We are suited to thrive in difficult circumstances

Shared hardship is often, counterintuitively, good for mental health.

(Source: TASR)

At least as dangerous as the physical health risks posed by coronavirus is the fear that it can spread. As evidenced by the occasional fistfight over toilet paper, panic can make people behave unpredictably, and create a whole new set of problems. But it might surprise you that most evidence suggests that human beings are well-suited to thrive in difficult circumstances.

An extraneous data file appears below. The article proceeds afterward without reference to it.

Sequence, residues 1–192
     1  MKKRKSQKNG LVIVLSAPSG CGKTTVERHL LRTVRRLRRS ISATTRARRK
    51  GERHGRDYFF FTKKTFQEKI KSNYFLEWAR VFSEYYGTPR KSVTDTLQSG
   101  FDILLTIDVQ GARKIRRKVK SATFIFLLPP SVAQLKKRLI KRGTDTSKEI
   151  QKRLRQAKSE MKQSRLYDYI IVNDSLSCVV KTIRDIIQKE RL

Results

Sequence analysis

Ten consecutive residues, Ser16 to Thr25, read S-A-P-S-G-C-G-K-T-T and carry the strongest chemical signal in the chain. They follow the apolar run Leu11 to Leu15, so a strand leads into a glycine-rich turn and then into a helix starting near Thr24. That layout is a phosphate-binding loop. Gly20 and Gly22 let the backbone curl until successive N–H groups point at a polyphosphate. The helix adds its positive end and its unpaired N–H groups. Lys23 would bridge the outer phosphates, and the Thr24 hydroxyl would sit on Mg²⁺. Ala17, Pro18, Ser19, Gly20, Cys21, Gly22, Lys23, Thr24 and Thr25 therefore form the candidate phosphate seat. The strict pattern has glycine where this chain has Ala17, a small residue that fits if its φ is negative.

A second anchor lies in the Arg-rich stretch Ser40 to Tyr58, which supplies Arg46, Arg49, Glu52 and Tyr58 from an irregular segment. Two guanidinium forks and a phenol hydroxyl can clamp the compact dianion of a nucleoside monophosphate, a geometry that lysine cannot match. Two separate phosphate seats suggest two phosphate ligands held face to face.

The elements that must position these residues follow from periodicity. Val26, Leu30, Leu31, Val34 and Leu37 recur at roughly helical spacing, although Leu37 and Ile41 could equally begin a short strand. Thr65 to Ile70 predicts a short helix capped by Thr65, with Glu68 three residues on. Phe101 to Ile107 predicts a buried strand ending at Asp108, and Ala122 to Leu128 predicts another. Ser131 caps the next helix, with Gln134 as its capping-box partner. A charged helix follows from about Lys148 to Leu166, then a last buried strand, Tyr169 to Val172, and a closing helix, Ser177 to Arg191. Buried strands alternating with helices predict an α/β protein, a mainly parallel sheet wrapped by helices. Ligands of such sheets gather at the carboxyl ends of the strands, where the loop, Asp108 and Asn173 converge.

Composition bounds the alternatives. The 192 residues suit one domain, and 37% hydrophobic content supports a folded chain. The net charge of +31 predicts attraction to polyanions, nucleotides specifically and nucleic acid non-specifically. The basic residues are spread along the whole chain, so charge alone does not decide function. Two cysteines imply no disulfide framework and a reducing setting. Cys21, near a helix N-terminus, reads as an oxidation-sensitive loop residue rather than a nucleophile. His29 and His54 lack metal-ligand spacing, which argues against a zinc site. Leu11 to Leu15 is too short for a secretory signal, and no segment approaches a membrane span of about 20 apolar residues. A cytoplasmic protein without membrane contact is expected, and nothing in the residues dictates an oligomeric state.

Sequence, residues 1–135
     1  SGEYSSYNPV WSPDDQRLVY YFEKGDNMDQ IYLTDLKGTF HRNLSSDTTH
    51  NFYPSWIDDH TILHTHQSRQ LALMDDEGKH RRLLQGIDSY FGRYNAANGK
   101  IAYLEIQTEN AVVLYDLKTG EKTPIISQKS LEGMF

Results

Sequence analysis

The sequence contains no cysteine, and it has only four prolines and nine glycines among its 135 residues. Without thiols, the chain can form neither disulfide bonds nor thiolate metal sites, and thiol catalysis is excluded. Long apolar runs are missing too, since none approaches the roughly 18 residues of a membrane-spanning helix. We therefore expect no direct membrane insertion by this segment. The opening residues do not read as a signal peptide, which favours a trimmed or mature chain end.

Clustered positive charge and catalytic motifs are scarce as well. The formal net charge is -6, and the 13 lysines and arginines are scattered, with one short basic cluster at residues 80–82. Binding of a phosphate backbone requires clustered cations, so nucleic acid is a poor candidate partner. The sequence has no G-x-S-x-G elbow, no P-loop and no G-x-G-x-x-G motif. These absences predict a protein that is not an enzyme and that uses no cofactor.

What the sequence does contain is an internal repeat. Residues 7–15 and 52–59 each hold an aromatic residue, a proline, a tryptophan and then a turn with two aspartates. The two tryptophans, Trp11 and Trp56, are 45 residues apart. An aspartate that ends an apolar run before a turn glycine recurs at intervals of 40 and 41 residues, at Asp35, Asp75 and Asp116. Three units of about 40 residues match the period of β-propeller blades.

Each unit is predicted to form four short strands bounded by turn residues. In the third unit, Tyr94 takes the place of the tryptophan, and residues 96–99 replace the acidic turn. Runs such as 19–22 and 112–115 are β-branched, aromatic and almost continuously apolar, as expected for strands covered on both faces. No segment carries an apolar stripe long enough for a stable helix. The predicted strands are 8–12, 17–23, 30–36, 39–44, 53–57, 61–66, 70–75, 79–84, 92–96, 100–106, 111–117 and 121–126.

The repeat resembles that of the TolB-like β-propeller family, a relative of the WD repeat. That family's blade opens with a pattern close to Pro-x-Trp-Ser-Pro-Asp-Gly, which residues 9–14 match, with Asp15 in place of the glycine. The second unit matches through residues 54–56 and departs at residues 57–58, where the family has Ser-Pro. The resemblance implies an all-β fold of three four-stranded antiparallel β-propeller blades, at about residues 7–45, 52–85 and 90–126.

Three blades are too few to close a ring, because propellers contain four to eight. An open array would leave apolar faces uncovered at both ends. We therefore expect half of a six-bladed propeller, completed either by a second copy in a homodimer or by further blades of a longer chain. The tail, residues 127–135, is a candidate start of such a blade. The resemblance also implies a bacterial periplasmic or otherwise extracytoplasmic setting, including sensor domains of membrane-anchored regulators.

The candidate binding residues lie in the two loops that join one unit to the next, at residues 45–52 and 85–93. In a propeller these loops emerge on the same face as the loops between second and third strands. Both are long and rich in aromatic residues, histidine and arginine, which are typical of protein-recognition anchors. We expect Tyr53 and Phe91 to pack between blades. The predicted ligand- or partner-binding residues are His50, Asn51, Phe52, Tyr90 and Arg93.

Staying locked up at home, especially with kids, risks straining even the steadiest nerves (I am five days in, and no, I don’t want to watch Shrek again — ever). And yet shared hardship is often, counterintuitively, good for mental health.

Studies of the blitz of London during World War II show that fewer people reported to mental hospitals during the bombardment, and psychologists with existing patients found that many of their symptoms actually improved.

Shared pain helps cooperation

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